(127)  The participants included consortia consisting of contractors, operators and banks on the one hand and individual companies, mainly banks, engineering companies and insurers, on the other.

(128)  See paragraph 29 of the IPCEI Communication.

(129)  During the planning phase the risks for the project would be significantly higher than the risks of the selected European industry companies, which were at the operation phase.

(130)  Including the payment of dividends for the hinterland connections.

(131)  See in this respect judgment of the General Court of 13 December 2018, Scandlines v European Commission, T-630/15, ECLI:EU:T:2018:942, paragraph 213.

(132)  See recitals 163 to 163 of this decision.

(133)  The eligible costs are those laid down in the Annex of the IPCEI Communication.

(134)  See footnote 2, in paragraph 36 of the IPCEI Communication ‘Aid in the form of guarantees must be limited in time, and aid in the form of loans must be subject to repayment periods’ and point (b) of the third subparagraph of Section 4.1 of the Commission Notice on the application of Articles 87 and 88 of the EC Treaty to State aid in the form of guarantees Guarantee Notice (OJ C 155, 20.6.2008, p. 10) stating: ‘When calculating the aid element in a guarantee, the Commission will devote special attention to the following elements: […] (b) whether the extent of each guarantee can be properly measured when it is granted. This means that the guarantees must be linked to a specific financial transaction, for a fixed maximum amount and limited in time. In this connection the Commission considers in principle that unlimited guarantees are incompatible with Article 87 of the Treaty’.

(135)  The eligible costs would amount to DKK 58,8 billion in 2014 prices, which at net present value corresponds to DKK 42,1 billion. The cost of the planning and construction of the Fixed Link would amount to DKK 54,9 billion in fixed 2014 prices (based on priced offers received from the bidders of the four principal civil works contracts on 22 December 2014 including a reserve of DKK 3,7 billion and calculated without CEF financial assistance).

(136)  See recital 172 of this decision.

(137)  See in this respect judgment of the General Court of 13 December 2018, Scandlines v European Commission, T-630/15, ECLI:EU:T:2018:942, paragraphs 230 and 233.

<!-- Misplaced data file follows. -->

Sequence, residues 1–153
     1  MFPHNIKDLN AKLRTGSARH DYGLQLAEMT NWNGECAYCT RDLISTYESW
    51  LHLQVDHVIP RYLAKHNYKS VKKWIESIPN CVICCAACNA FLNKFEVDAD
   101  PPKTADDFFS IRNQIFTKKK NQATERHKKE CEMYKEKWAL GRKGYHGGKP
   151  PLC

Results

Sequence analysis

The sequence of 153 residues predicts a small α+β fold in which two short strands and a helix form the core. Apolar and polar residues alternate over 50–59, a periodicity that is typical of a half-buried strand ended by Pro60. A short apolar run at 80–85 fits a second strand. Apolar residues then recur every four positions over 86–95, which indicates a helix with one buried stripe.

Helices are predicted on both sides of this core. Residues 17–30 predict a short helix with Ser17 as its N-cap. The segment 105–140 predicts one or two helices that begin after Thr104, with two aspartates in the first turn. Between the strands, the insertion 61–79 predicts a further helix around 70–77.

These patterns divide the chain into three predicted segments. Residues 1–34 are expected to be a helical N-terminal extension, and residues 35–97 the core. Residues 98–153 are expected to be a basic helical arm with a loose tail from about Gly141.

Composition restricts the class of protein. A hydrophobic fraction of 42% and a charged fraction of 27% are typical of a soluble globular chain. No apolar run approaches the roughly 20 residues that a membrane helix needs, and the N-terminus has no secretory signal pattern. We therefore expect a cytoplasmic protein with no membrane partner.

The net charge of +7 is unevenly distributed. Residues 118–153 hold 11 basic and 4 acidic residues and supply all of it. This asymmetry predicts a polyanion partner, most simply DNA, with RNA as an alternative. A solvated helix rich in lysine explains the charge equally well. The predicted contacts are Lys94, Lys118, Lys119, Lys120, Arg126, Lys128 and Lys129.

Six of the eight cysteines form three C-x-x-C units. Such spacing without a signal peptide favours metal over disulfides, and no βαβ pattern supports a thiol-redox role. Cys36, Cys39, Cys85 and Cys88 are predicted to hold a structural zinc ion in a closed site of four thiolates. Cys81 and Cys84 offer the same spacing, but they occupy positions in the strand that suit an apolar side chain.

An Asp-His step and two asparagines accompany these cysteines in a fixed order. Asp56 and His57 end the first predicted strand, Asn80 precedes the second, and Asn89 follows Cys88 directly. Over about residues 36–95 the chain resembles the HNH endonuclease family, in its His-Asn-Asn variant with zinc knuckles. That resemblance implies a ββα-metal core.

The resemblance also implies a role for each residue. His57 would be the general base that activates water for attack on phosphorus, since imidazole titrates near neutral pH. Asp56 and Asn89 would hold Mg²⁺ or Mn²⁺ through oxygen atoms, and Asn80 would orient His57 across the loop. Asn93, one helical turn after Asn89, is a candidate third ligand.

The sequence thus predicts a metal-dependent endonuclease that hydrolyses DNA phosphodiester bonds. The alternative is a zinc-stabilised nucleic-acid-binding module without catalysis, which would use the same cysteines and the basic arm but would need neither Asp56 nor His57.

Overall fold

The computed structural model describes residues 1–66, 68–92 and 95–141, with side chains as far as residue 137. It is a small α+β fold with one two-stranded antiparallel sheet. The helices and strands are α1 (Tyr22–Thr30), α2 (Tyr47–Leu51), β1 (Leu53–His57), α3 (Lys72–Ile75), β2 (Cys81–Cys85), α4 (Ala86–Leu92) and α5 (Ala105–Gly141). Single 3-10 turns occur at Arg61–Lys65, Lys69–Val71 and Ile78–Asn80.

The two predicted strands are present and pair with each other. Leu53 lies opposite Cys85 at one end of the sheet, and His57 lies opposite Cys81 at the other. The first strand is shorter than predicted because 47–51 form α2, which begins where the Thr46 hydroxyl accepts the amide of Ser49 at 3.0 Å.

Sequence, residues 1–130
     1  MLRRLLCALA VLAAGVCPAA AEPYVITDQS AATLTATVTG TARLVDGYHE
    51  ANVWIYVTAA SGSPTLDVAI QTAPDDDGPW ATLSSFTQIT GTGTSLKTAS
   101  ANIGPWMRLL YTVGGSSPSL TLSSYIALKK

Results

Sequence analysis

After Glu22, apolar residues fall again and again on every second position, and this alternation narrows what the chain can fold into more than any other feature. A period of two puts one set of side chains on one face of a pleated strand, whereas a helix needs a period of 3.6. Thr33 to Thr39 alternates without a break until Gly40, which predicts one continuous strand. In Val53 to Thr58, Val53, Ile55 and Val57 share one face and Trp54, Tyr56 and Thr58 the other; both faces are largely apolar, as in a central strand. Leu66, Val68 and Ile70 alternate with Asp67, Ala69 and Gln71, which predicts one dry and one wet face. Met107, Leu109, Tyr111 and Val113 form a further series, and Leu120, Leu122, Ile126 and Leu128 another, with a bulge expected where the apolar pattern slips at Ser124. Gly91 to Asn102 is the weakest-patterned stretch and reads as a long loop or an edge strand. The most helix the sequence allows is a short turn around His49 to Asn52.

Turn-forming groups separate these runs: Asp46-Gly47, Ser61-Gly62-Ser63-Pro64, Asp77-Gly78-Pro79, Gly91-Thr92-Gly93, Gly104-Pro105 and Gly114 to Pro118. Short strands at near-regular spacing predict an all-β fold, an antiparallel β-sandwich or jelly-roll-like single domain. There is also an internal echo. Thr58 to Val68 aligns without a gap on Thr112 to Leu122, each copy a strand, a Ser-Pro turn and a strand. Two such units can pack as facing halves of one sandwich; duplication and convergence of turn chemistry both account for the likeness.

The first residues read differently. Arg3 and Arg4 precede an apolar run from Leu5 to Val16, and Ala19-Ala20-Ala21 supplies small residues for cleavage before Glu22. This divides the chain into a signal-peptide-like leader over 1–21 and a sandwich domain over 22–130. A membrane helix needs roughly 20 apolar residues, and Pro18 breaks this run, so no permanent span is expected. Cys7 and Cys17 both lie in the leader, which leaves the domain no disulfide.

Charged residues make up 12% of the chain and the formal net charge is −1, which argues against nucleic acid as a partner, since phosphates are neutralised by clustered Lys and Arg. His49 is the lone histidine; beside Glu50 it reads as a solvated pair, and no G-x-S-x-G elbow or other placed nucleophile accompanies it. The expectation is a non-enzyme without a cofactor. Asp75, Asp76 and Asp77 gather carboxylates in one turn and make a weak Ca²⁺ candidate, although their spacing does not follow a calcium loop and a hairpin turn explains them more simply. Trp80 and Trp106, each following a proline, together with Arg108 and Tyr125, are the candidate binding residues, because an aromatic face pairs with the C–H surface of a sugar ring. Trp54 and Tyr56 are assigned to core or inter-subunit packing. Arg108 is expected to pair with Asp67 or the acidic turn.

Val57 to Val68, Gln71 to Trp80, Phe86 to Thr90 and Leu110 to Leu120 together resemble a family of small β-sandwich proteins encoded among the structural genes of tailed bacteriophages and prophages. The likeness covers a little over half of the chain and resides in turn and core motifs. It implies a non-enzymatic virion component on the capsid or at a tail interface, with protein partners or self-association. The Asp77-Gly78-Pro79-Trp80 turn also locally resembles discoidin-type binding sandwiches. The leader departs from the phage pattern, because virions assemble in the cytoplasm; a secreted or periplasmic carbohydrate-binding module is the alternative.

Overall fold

(138)  See in this respect judgment of the General Court of 13 December 2018, Scandlines v European Commission, T-630/15, ECLI:EU:T:2018:942, paragraph 237.

(139)  Directive 1999/62/EC of the European Parliament and of the Council of 17 June 1999 on the charging of heavy goods vehicles for the use of certain infrastructures (OJ L 187, 20.7.1999, p. 42), as amended by Directive 2006/38/EC of the European Parliament and of the Council of 17 May 2006 (OJ L 157, 9.6.2006, p. 8), and Directive 2011/76/EU of the European Parliament and of the Council of 27 September 2011 (OJ L 269, 14.10.2011, p. 1).

(140)  Directive 2012/34/EU of the European Parliament and of the Council of 21 November 2012 establishing a single European railway area (OJ L 343, 14.12.2012, p. 32).

(141)  A cost-benefit analysis of the Fehmarn Belt Fixed Link, a study prepared for the Ministry of Transport by Incentive, 5 January 2015. Updated study prepared for the Danish Ministry of Transport by Incentive, 27 March 2015.

(142)  Taking into account all benefits and costs for Denmark alone, the Fixed Link and the associated hinterland connections in Denmark will generate a net social benefit of DKK 28 billion over 50 years. This equates to an economic return of 4,7 per cent.

(143)  See in this respect judgment of the General Court of 13 December 2018, Scandlines v European Commission, T-630/15, ECLI:EU:T:2018:942, paragraph 256.

(144)  See also in this respect judgment of the General Court of 13 December 2018, Scandlines v European Commission, T-630/15, ECLI:EU:T:2018:942, paragraphs 274-275.